cd /path/to/your/jetty-home
java -jar start.jar jetty.base=/path/to/your/jetty-base

For example, I would run these commands:

cd C:\Users\kevin\Desktop\jetty-home-11.0.5
java -jar start.jar jetty.base=C:\Users\kevin\Desktop\jetty-base


Option 2: Open a command line to your jetty-base directory, and then use the full path to start.jar:

cd /path/to/your/jetty-base
java -jar /path/to/your/jetty-home/start.jar

For example, I would run these commands:

cd C:\Users\kevin\Desktop\jetty-base
java -jar C:\Users\kevin\Desktop\jetty-home-11.0.5\start.jar

Tip: These commands are the exact same thing as the initialization commands, but without the --add-module=server,http,deploy,annotations part.

Your command line should print out some info, ending with a line that contains Started Server. That means you’re running Jetty!

Open a web browser and navigate to http://localhost:8080/ which should give you an error that looks like this:

Jetty 404 error

If you’re seeing this, that’s a good thing! It means that Jetty is running, but you haven’t added any web apps to it. Let’s do that now!

Hello World Web App

You can think of a web app as a website and everything in it, including its server code. Now that you have Jetty running, you can add web apps to it!

In your jetty-base folder, notice the webapps directory. This is where your web apps will go.

To add a web app to your server, create a folder inside the webapps directory, and then add your files inside your folder.

For example, create a HelloWorld folder inside your webapps directory. Inside the HelloWorld directory, save this HTML to a file named index.html:

<!DOCTYPE html>
<html>
	<head>
		<title>Testing Jetty</title>
	</head>
	<body>
		<h1>Happy Coding</h1>
		<p>Hello world!</p>
	</body>
</html>

Your directory structure should look like this:

  • jetty-base/
    • resources/
      • (files you don't care about)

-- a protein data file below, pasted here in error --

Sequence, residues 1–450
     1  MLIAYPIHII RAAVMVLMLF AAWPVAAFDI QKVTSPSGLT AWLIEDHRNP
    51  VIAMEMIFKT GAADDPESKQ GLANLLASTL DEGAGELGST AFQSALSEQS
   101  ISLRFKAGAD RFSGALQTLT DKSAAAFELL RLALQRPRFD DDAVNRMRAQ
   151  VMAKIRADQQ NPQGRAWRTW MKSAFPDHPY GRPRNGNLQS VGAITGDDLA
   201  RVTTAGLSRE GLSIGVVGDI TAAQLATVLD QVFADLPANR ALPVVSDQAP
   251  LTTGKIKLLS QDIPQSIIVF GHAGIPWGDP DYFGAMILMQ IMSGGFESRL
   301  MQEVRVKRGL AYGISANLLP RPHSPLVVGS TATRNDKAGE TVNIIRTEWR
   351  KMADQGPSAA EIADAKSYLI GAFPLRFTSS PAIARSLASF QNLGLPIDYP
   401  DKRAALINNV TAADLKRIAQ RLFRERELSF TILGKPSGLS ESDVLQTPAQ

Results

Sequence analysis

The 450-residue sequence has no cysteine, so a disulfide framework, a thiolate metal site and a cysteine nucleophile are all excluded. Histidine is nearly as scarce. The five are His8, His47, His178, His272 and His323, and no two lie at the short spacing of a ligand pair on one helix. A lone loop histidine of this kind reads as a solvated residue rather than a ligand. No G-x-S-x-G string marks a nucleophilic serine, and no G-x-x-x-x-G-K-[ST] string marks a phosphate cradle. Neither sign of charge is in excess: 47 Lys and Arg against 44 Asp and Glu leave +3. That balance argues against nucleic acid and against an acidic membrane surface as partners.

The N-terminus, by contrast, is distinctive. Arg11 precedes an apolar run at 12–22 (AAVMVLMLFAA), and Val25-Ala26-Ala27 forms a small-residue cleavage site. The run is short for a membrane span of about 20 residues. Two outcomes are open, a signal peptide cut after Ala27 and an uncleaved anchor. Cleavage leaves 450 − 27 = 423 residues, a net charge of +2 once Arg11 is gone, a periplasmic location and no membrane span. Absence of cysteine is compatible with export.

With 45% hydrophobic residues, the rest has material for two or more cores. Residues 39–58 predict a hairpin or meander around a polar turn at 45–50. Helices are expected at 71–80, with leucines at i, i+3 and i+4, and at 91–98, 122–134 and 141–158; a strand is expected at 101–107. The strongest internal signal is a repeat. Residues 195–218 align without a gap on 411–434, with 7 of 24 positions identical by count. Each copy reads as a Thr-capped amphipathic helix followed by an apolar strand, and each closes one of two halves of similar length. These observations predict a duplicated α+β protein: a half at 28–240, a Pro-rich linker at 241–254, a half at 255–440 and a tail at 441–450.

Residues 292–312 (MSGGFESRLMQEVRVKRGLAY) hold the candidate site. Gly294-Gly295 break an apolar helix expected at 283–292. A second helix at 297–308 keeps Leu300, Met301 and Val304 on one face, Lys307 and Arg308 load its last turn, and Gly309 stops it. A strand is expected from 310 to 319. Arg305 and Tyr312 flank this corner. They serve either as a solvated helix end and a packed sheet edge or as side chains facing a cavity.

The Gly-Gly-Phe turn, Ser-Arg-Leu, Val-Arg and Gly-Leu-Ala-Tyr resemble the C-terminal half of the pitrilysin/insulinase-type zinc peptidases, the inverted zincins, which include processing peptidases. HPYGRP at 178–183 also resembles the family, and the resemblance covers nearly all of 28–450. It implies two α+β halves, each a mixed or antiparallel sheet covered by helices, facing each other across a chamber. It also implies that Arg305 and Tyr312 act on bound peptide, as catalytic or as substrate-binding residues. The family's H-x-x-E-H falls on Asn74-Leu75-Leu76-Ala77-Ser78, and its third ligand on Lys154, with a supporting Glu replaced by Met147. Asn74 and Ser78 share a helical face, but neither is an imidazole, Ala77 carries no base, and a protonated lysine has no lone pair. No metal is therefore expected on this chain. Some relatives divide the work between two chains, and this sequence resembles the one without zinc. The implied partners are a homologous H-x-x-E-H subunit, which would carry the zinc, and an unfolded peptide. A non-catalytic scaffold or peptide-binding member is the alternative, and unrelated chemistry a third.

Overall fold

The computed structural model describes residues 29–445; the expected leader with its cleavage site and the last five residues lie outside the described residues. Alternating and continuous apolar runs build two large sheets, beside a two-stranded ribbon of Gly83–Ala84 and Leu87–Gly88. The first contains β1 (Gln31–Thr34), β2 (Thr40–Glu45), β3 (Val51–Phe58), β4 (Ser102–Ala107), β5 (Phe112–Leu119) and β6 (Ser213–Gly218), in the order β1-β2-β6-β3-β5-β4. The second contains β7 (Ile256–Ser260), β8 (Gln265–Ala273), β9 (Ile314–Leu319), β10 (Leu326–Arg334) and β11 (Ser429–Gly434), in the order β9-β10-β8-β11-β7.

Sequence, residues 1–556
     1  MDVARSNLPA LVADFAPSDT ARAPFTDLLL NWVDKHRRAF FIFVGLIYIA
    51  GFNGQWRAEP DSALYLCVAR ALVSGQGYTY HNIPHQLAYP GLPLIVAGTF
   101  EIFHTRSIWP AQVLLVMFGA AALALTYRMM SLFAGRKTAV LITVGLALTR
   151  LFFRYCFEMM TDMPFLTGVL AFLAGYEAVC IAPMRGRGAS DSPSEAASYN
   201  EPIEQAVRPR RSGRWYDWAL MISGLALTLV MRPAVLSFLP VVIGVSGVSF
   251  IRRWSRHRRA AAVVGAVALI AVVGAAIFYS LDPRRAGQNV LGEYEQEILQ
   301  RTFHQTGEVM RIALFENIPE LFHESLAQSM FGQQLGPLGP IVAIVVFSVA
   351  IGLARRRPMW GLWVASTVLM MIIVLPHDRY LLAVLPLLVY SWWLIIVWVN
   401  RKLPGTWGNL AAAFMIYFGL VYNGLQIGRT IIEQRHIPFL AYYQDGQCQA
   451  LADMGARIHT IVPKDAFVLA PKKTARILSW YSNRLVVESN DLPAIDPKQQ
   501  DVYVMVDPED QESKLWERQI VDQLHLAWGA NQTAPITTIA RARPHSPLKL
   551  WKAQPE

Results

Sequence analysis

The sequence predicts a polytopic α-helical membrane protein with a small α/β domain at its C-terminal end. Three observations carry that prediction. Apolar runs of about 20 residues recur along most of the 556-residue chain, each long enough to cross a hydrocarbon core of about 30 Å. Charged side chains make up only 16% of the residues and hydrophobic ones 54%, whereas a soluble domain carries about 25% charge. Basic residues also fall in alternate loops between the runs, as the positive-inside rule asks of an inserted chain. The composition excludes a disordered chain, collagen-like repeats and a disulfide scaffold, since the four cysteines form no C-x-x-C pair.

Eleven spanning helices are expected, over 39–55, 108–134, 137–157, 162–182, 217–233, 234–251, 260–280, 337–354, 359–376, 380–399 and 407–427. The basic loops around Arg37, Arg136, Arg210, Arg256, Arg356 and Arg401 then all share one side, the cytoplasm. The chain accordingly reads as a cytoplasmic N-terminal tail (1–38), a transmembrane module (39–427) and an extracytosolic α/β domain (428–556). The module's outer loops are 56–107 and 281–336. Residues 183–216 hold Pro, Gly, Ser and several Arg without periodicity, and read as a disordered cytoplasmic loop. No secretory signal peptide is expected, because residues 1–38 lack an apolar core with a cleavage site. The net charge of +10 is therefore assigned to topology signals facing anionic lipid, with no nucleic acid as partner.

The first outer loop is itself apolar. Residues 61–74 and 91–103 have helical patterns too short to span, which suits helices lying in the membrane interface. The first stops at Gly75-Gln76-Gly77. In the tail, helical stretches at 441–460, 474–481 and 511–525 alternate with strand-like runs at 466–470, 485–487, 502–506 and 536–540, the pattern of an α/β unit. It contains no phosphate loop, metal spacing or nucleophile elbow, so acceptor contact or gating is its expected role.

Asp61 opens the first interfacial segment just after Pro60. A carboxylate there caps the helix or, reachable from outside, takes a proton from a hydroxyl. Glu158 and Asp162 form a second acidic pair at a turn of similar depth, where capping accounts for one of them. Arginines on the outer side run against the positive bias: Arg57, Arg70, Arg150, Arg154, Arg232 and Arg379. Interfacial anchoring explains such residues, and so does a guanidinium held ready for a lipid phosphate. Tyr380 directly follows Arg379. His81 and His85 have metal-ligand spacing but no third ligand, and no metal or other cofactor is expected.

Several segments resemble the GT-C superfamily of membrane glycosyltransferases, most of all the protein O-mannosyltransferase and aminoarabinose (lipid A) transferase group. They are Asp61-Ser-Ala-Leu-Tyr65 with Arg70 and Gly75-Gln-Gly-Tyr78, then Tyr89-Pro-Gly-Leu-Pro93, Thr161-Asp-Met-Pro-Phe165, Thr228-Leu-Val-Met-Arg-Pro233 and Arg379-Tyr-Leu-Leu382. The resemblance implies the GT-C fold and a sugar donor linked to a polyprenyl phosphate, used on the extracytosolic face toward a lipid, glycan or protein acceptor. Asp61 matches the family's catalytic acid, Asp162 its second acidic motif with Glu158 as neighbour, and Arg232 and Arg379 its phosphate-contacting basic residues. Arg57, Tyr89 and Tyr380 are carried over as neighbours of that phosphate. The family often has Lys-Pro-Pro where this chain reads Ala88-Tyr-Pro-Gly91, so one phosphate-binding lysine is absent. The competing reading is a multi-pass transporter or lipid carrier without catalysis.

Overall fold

• start.d/
      • (files you don't care about)
    • webapps/
      • HelloWorld/
        • index.html

Now open your web browser to http://localhost:8080/HelloWorld/index.html, and you should see this:

Jetty hello world

Notice that you didn’t have to restart the Jetty server. It should automatically detect changes to the webapps folder.

Congratulations, you just wrote your first web app! :tada:

Example Project

So far, the whole web app is a single HTML file, but if it helps, you can view and download this example project here:

Root Web App

Notice that the URL for your web app contains the HelloWorld directory. This is useful if you have multiple web apps running on the same server, but you also might want to create a “top level” web app that doesn’t include its name in its URL. To do that, create a web app named root.

In your webapps directory, create another folder named root. And in that root folder, save this HTML to another file named index.html:

<!DOCTYPE html>
<html>
	<head>
		<title>Root Web App</title>
	</head>
	<body>
		<h1>Root Web App</h1>
		<p><a href="http://localhost:8080/HelloWorld/index.html">Here</a> is a link to the Hello World app.</p>
	</body>
</html>

Now open up your web browser to http://localhost:8080/index.html, and you should see this:

Jetty root web app

Note that this URL does not contain the root directory.

Also note that you can link between web apps, just like you can link between web pages- because that’s what these are!

More Info

Examples